I turned the light on and blinked. A lot. It took a while for my eyes to adjust. When they did, however, I discovered that my leg was VERY red and hot to touch. I sat there, having a prodding it for a bit. Then, as 11-year-olds do, I shrugged, turned off the light and thought, Eh, I’ll tell Mum in the morning.

The next morning, I walked over to Mum’s tent across the field. Not long after I found myself in Doncaster hospital where I was told the tiny scratch on my leg, that had been overlooked by the previous doctors, had resulted in an infection. It was simple enough to resolve (you know, if you overlook the fact I’m allergic to penicillin) and cleared up fairly quickly.

But, Emma, why are you telling us this? What’s the moral of this story?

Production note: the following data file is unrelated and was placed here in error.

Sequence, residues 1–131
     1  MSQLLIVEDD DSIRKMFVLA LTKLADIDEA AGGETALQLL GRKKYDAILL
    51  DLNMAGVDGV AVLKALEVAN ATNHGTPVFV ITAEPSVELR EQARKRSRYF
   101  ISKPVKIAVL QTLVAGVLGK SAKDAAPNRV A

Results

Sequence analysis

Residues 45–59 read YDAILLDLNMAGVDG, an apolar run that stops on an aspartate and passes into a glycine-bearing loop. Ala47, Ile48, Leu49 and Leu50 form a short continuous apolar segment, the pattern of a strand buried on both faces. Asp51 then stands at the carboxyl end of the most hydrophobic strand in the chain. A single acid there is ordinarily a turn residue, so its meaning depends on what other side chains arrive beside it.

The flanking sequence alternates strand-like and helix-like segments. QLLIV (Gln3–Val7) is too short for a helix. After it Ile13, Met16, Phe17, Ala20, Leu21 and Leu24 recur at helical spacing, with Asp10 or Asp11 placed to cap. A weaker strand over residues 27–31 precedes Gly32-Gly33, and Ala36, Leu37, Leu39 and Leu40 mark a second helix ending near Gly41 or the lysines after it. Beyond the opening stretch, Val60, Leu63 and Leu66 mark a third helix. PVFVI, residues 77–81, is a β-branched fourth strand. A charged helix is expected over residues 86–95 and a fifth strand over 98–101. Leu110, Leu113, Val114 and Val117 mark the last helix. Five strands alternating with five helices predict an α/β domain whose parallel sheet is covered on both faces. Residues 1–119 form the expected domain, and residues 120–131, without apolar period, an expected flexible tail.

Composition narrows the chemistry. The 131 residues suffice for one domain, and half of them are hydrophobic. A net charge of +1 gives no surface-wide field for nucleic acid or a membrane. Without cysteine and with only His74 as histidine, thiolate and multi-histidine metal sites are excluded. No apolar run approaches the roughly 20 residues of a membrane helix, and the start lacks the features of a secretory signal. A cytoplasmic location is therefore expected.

~Thinks~

Oh, oh! The moral of this story is that sometimes, when you almost kill yourself by mistake, but instead throw yourself in a hedgerow, it means you don’t have to do the cross country run (to sort you into groups for PE) when you start secondary school, because your leg still hurts from the infection. That’s the moral. Yup.

Stay safe kidiots.

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The field school made everyone run round…while I watched 😉

 

 

Story Time: Moving Day

Moving Day, E.M. Harding
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Moving Day

Franco was a perfect male specimen. He was tall, but not too tall, had broad powerful shoulders, and sported a surprisingly elegant neck for a gent. Despite this, he didn’t make his sexual debut until the age of 8. His mother informed him that, back in the homeland, most men his age already had children. Franco just scoffed. It wasn’t his fault. The other chaps were always getting in the way, and he wasn’t very good at necking. Then Kanna arrived. She was sweet, and nice enough to slip behind the acacias, where no-one could see them. He wasn’t going to waste such an opportunity. The lady made his heart feel three-feet big.